The first question I asked in my MOPS presentation was "How has industrialization affected the way we eat?"
One of my favorite quotes from the "Nourishing Traditions" cookbook addresses this topic very well.
“Father technology has not brought us freedom from disease. Chronic illness in industrialized nations has reached epic proportions because we have been dazzled by his stepchildren – fast foods, …convenience foods, packaged foods, fake foods, embalmed foods,…-all the bright baubles that fill up the shelves at our grocery stores, convenience markets, vending machines and even health food stores.” “The premise of this book is that modern food choices and preparation techniques constitute a radical change from the way man had nourished himself for thousands of years and, from the perspective of history, represent a fad that not only has severely compromised his health and vitality but may well destroy him; and the culinary traditions of our ancestors, and the food choices and preparation techniques of healthy non-industrialized peoples, should serve as the model from contemporary eating habits, even and especially during this modern technological age."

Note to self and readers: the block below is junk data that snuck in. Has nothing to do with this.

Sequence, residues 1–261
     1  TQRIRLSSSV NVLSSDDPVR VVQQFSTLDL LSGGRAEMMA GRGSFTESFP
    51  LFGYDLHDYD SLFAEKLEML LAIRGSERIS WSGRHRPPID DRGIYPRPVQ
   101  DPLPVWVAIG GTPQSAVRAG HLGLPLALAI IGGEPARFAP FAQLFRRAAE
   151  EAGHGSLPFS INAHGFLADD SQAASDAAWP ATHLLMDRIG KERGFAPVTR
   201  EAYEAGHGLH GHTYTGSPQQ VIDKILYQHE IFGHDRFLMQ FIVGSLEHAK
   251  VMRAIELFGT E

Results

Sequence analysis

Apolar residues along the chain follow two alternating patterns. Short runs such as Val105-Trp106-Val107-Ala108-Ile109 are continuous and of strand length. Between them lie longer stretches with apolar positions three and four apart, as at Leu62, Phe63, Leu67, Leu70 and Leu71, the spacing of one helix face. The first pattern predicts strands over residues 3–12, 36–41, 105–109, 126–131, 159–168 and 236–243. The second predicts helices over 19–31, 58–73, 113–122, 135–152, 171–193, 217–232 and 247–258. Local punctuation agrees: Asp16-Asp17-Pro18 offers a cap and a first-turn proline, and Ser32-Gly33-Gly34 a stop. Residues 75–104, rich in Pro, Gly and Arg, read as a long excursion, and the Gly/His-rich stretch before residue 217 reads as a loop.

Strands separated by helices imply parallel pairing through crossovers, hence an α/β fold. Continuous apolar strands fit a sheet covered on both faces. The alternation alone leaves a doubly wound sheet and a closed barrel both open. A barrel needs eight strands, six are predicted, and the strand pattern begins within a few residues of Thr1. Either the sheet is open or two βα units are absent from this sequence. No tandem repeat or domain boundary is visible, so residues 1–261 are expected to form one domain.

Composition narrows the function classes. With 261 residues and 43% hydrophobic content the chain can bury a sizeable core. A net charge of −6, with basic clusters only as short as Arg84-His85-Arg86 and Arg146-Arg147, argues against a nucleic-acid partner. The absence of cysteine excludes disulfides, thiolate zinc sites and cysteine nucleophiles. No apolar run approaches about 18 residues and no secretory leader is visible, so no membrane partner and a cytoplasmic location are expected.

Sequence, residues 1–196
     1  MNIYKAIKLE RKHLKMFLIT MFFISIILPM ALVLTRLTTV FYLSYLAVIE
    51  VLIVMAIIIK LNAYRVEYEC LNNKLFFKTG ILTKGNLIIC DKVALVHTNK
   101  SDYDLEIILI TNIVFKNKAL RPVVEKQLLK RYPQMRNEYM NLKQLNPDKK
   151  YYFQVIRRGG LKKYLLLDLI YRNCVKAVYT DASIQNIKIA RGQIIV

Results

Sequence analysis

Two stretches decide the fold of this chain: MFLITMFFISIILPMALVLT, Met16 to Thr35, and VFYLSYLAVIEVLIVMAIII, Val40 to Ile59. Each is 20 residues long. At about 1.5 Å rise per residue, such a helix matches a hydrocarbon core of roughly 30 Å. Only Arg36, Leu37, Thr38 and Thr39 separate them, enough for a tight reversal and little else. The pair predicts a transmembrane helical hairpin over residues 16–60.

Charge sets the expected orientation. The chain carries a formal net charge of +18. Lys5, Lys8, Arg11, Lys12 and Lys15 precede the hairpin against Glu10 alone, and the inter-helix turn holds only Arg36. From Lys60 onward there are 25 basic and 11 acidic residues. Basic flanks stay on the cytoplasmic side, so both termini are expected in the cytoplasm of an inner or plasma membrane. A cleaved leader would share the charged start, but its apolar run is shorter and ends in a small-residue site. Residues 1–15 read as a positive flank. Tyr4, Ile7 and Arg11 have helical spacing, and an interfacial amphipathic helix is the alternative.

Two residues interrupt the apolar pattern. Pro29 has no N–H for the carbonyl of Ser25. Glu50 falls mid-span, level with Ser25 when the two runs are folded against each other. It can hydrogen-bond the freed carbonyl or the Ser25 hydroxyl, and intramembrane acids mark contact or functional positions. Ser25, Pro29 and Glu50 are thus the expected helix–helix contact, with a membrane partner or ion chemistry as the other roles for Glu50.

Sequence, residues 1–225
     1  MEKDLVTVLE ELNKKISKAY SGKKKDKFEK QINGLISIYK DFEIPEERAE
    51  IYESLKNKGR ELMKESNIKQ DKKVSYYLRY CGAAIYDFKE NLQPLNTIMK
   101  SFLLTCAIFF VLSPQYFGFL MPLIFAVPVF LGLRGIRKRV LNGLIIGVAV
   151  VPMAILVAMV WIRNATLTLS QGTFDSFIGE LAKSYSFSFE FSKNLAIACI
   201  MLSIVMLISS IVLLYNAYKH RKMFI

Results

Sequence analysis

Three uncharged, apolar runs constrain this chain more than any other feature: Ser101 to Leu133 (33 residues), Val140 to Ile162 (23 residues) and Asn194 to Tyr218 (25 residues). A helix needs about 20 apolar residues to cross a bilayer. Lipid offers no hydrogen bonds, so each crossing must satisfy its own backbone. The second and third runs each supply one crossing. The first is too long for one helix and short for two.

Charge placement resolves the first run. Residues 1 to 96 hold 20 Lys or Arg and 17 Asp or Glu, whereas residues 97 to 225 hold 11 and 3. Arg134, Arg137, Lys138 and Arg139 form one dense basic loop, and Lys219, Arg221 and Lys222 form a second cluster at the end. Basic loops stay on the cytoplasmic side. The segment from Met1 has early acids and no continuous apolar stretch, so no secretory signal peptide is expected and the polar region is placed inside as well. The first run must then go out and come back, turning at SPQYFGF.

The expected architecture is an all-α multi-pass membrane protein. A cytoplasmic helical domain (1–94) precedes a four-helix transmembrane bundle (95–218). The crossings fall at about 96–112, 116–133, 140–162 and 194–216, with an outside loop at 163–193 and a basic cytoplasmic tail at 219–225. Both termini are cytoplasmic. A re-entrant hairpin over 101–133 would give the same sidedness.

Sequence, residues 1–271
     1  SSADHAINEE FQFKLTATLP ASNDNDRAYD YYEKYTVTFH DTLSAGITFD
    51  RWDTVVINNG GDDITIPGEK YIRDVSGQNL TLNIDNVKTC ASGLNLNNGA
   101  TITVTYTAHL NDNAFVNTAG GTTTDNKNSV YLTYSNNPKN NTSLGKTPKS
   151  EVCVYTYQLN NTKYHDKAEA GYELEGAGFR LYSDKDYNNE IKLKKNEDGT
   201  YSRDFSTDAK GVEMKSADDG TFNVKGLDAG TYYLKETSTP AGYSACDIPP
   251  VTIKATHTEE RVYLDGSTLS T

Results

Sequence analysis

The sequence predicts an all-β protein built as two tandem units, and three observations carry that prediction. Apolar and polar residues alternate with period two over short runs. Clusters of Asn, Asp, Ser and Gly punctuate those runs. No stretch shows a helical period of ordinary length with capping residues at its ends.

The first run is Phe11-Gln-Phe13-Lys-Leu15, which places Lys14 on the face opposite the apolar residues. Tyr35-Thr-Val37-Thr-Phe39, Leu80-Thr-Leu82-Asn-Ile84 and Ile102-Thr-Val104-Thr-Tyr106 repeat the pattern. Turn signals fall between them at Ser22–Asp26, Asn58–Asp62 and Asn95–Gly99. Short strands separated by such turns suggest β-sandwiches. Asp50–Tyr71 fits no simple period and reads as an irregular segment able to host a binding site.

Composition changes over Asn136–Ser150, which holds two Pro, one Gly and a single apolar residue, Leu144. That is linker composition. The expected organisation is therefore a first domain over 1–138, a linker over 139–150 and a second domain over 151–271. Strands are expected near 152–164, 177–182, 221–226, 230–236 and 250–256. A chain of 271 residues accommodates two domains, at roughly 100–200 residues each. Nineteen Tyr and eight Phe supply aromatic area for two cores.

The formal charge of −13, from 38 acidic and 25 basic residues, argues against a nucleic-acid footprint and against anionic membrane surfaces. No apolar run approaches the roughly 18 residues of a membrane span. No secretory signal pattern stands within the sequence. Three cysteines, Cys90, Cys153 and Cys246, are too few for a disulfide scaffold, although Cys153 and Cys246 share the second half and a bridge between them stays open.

If you haven't watched the movie "Food, Inc", it is a must-see. There are some disturbing images, but I believe everyone needs to see where their food comes from, whether it is visiting the farm where you get your farm-direct meat or seeing the meat factories where meat in the supermarkets come from. I believe we need to make informed decisions when it comes to our food. Knowledge is important! "Food, Inc" is available via instant streaming through Netflix. Here is the official trailer:
This is also a must see! I call this the "Eternal Happy Meal" clip. If this doesn't concern you, I don't know what to say.
Again, I don't think we can afford to continue to turn a blind eye in the name of convenience. Can we consider something that simply fills us up and tastes good "food". It concerns me the way "faux health food" is being sold as "health food". We need to be looking at labels. A good rule of thumb is if you can't pronounce something on the back or there is a list of ingredients a mile long, then it probably isn't good for you. Also be aware of tricky marketing labels. A friend of mine pointed out that corn syrup is now being labeled as simply "sugar". It is still corn syrup. You need to know what kind of sugar it is. If it is healthy sugar, believe me, the company will have not problem putting that on a label!
My next post will be discussing the benefits of using whole grains and how I cook with them. So continue to stay tuned!